Diversity Jurisdiction — When Unsuccessful Petitioner Seeks to Vacate Arbitral Award of Less Than $75,000 without Seeking Further Relief in Arbitration or in Court, Amount in Controversy Unsatisfied

Coffey v. Merrill Lynch, Pierce, Fenner & Smith, Inc., 2012 U.S. Dist. LEXIS 3998 (C.D. Cal. Jan. 11, 2012):

In this action, Plaintiffs seek to vacate an arbitration award entered on October 3, 2011. Plaintiffs sought an award of $222,142.00 from Defendant on the grounds that Defendant's broker had recommended unsuitable securities for Plaintiffs' trust accounts. Plaintiffs' claims were rejected, and Plaintiffs were awarded nothing. Defendants likewise were awarded nothing. Based on alleged biases of the lead arbitrator, Plaintiffs filed a Petition to Confirm, Correct, or Vacate Contractual Arbitration Award (the "Petition") in California state court on December 23, 2011. In that Petition, Plaintiffs seek only to vacate the arbitration award. No other type of relief (such as reopening the arbitration or damages for related violations of law) is requested. (See Notice of Removal, Ex. A (Petition), at 3.) Nonetheless, based on the fact that Plaintiffs requested an award at the underlying arbitration of $222,142.00 (an amount which is noted in the Petition), Defendants claim that the amount in controversy is met. (Notice of Removal, ¶ 6.)

In Theis Research, Inc. v. Brown & Bain, 400 F.3d 659, 661 (9th Cir. 2005), the Ninth Circuit was asked to determine whether the amount-in-controversy requirement for diversity jurisdiction was "measured by the amount of the [arbitration] award or by the amount in dispute in the underlying litigation between the parties." The plaintiff had moved to vacate an arbitration award of zero dollars, and at the same time the plaintiff also filed a complaint seeking damages for substantially the same claims asserted in the underlying arbitration. Id. The panel held that the amount in controversy was met because the plaintiff was seeking to obtain $200 million in damages, which equated to a request to reopen its arbitrated claims: "Although [neither party has] asked that the arbitration proceedings be reopened, Theis sought to obtain by its district court complaint substantially what it had sought to obtain in the arbitration. [*7] Theis simply chose to 'reopen' its claims in the district court rather than in arbitration." Id. at 665.

In reaching its conclusion, the Theis Research court noted that although there is a split among the circuits on this issue, in general "the cases have turned upon whether the party seeking to vacate an arbitration award also sought to reopen the arbitration." Id. at 664 (citing cases). The court cited Baltin v. Alaron Trading Corp., 128 F.3d 1466 (11th Cir. 1997), in which the court found the amount in controversy was not met where the plaintiffs sought to vacate an arbitration award requiring them to pay $36,284.69 but did not seek to reopen arbitration, because "[t]he maximum remedy sought by the Baltins was the vacatur of the arbitration award" which did not meet the jurisdictional minimum. Theis Research, 400 F.3d at 665.

The same result was reached in Ford v. Hamilton Investments, Inc., 29 F.3d 255 (6th Cir. 1994), because the plaintiffs sought only to vacate a $30,524 arbitration award and neither party sought additional damages. Theis Research, 400 F.3d at 665. The court in Ford "was quite clear that had the losing party sought to challenge the arbitrator's denial of that party's counterclaims," which were valued over the jurisdictional minimum, then the amount in controversy would have been met. Id. (citing Ford, 29 F.3d at 260); accord Peebles v. Merrill Lynch, Pierce, Fenner & Smith Inc., 431 F.3d 1320 (11th Cir. 2005) (holding amount in controversy was met where plaintiff sought to vacate a zero-dollar award and requested a new hearing before a different arbitration panel where he would seek recovery of up to two million dollars).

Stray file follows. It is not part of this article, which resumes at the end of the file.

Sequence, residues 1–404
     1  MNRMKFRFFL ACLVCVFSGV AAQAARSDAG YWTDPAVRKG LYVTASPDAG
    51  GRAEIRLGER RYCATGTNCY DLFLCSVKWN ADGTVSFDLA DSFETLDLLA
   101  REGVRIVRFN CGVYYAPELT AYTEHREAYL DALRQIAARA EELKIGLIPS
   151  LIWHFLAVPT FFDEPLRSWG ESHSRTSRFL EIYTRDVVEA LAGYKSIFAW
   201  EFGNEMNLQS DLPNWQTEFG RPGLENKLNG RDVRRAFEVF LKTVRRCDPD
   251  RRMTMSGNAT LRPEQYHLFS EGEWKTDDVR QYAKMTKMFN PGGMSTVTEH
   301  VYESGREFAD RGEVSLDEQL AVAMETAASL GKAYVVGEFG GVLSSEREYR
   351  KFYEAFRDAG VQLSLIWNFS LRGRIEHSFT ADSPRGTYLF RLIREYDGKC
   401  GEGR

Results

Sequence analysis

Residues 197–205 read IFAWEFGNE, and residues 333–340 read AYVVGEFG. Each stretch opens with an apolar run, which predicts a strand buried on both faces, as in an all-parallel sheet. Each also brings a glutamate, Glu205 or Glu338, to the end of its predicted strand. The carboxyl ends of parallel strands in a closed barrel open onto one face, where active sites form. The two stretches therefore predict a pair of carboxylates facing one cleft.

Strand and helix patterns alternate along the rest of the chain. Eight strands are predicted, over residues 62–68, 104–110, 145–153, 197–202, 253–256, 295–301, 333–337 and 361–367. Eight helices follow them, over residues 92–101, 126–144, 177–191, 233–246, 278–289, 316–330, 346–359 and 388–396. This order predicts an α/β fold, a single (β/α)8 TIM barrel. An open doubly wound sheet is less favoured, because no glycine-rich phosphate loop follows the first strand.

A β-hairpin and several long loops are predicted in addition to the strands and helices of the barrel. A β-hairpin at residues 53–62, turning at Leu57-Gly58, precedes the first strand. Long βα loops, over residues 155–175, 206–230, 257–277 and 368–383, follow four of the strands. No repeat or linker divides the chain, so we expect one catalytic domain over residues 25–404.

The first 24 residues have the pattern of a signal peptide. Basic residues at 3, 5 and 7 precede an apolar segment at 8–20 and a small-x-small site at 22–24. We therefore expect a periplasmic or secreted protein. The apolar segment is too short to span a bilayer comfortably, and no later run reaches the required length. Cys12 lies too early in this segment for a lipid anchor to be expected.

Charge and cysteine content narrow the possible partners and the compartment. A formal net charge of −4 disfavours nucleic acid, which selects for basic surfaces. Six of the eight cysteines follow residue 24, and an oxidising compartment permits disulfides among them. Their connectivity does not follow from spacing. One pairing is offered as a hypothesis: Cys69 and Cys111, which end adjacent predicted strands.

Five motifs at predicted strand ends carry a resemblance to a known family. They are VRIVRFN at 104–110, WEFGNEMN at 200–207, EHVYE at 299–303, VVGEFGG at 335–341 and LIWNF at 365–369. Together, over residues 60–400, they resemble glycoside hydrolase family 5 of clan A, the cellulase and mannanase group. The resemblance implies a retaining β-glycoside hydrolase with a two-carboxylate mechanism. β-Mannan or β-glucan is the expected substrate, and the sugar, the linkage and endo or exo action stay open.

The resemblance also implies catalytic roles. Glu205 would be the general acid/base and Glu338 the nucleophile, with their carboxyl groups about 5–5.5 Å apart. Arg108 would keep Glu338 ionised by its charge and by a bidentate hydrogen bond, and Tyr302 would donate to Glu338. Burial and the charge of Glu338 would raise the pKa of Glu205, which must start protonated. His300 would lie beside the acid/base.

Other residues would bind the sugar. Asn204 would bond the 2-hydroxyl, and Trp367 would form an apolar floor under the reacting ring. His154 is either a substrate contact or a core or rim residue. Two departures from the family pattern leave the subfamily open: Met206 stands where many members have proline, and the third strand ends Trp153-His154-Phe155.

Accordingly "[w]hen a petitioner seeks confirmation or vacatur of an award, without seeking a remand for further arbitration proceedings, 'the amount in controversy is the value of the award itself to the petitioner.'" Hansen Bev. Co. v. DSD Distribs., 2008 U.S. Dist. LEXIS 101022 (S.D. Cal. Dec. 12, 2008) (quoting N. Am. Thought Combine, Inc. v. Kelly, 249 F. Supp. 2d 283, 285 (S.D.N.Y. 2003)). If Plaintiffs obtain all the relief requested in their Petition, they will receive zero dollars. Likewise, Defendant will receive zero dollars. Thus, this case differs significantly from Theis Research and others where the amount-in-controversy requirement was satisfied by reference to damages sought in the underlying arbitration. In the [*9] present case, neither of the parties are asking this Court for an order reopening arbitration or awarding damages. Instead, Plaintiffs simply request an order vacating a zero-dollar arbitration award. Thus, the amount in controversy does not satisfy the jurisdictional minimum. See,e.g., Theis Research, 400 F.3d at 664 (finding that "the amount in controversy is the amount [plaintiff] sought to recover by its complaint"); Hansen, 2008 U.S. Dist. LEXIS 101022, at * 15-17 (dismissing case for want of diversity jurisdiction where plaintiffs sought to vacate arbitration award of zero dollars without requesting reopening of arbitration); Dyrdal v. Enbridge (U.S.), Inc., 738 F. Supp. 2d 927, 932 (D. Minn. 2010) (same).

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